A brief history of drumming, online

    Some go to school to learn music, some like to teach themselves. But in the past few years, the living-room musicians of the world have enrolled in the free and accessible YouTube school of music. The massive amount of performance videos online have made the web a place to watch the greats online and learn en masse. Here are some of the most influential videos I’ve come across in my digital lifetime. Note that this is a subjective list and is far from complete, so feel free to add or subtract in the comments section. Now, put on your best drum faces and dig in.

    Buddy Rich: It seems only natural to kick off with the original gangsta, Buddy Rich. Arguably the most famous big band drummer of all time, Buddy kicks it traditional like none other. Here is a fun video taken from his appearance with the Muppets.

    Bernard Purdie: Up next is a lesson from the father of the ghost note, Bernard Purdie. He explains his shuffle technique which has been passed down through the ages ever since. Toward the end, this video also highlights what might be the best funk faces on the Web.

    Jeff Porcaro: Jeff Porcaro was a famed session drummer who played with Toto (of “Africa” fame), Steely Dan and also Michael Jackson on the hit “Billie Jean.” Porcaro is seen here expanding on the Purdie Shuffle. Sadly, in a story worthy of This is Spinal Tap, Jeff died of a reaction to pesticides while weeding his garden.

    John Bonham: Bonzo needs no introduction. The Zeppelin drummer is an all-time favorite to most young rock players. Here he is playing “Moby Dick,” one of his most famous drum solo pieces.

    Thomas Lang: Many stupid YouTube videos are tagged as “greatest solo all time” or something of the like. After having watched most of them, I think it is very possible that this may in fact be the one. This is an uber-technical kind of solo, but it is pure dark magic.

    Tony Royster Jr. : Another favorite YouTube trope is the classic “Amazing x year old drummer!!!1!.” The bulk of those videos are not too impressive. The great exception to this rule is TR Jr., who is only 11-13 (different accounts) in this video. This is quite the solo for a kid.

    And oh, look at what this boy has become.

    Aaron Spears: While I have the hip-hopper’s attention, here is a video of young drummer Aaron Spears. The description says it all — “Aaron killin Usher’s song’.”

    Let’s take a sharp turn into Prog territory, because no drum list would be complete without the following names:

    Bill Bruford: King Crimson pulled some funky tricks in their day. This performance of “Indiscipline” has a killer polyrhythmic intro.

    Mike Portnoy: You can never have too big a drum kit. That’s what Portnoy always says. Here is the song that brought him to my attention, “Panic Attack.” This, kids, is how you make good use of lots of cymbals and tasteful double-kicking.

    Neil Peart: And now for the baterĂ­sta of the Holy Trinity — Rush. Neil Peart threw down the foundations of wild progressive drumming and is the most air-drummed drummer of all time (a fact I just made up). Here is his legendary performance of “YYZ.”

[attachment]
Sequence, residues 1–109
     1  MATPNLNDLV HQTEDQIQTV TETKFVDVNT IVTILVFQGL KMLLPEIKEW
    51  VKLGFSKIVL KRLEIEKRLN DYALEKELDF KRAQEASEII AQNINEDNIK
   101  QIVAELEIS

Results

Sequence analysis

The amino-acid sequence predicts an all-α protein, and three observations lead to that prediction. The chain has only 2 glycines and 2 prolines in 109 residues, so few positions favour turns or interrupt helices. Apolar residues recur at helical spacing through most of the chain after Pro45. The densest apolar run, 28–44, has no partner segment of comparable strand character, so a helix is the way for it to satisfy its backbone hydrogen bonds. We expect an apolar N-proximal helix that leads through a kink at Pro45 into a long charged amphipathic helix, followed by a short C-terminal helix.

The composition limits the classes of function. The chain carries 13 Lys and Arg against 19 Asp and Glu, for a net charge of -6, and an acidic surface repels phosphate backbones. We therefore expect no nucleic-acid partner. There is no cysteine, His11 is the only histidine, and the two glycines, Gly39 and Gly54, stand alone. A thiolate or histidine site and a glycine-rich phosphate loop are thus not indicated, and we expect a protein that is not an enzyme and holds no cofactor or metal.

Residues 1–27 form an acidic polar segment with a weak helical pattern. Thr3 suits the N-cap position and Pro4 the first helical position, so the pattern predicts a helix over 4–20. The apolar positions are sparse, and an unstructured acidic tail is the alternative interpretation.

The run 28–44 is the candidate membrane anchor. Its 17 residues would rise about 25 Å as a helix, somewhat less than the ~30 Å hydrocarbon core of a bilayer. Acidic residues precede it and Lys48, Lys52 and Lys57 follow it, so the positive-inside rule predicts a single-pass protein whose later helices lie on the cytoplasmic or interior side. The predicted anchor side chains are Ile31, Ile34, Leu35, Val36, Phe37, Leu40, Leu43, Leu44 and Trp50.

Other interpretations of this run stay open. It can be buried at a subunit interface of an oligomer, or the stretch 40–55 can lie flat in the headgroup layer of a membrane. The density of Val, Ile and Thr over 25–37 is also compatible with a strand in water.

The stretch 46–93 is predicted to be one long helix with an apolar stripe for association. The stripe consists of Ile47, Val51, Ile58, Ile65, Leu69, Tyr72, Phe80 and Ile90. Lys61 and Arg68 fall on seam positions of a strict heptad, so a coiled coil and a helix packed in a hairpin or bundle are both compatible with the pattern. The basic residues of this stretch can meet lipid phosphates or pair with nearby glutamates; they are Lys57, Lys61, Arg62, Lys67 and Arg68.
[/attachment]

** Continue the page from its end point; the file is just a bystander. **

Jimmy Chamberlin: Back to rock. JC, a humble carpenter from the Chicagoland suburbs, hooked up with the Smashing Pumpkins over 20 years ago at the Chicago Metro. Ever since, his big band training and “drill-to-your-head” drumming has made him one of the finest in popular music. Jimmy’s drumming is better exemplified by the Pumpkins’ catalog than by videos, but he sure is something to watch in action. Here is the live video for “Geek USA,” a song that producer Butch Vig (Nirvana, Garbage) called the greatest drumming he’d ever seen.

    Vadrum: This post has insofar been mostly about videos of famous drummers posted online. The YouTube drum phenomenon is better illustrated by a true online drummer like Andrea “Vadrum” Vadrucci. Vadrum, an unknown, began posting videos from his bedroom set onto YouTube and has since become the most subscribed-to musician in all of Italy and one of the top 100 in the world with over 38 million views. His original drum covers are some of the most proficient and exciting parts I have ever seen, and every video on his channel is a gem, like this:

    I can’t help but close here with my favorite drummer. This video altered the course of my life after only one viewing by convincing me that I needed to start learning the drums immediately. Growing up at a New England summer camp, I had known this band well as a soundtrack for the Birkenstock shuffles of my counselors and peers, but what never dawned on me until I saw this video was just how nasty the band’s drummer really was. He is master of the open-hand style, a pioneer of high hat technique and one of the jazziest cats in popular music. I think his greatest achievement, however, is being able to tie all this technical skill and complex writing into the music of the most popular and successful touring band of the decade. So put your preconceived stereotypes aside and see what is really going on behind the Dave Matthews Band. Ladies and Gentlemen, Carter Beauford.


    blog comments powered by Disqus
    Please read our Comment Policy.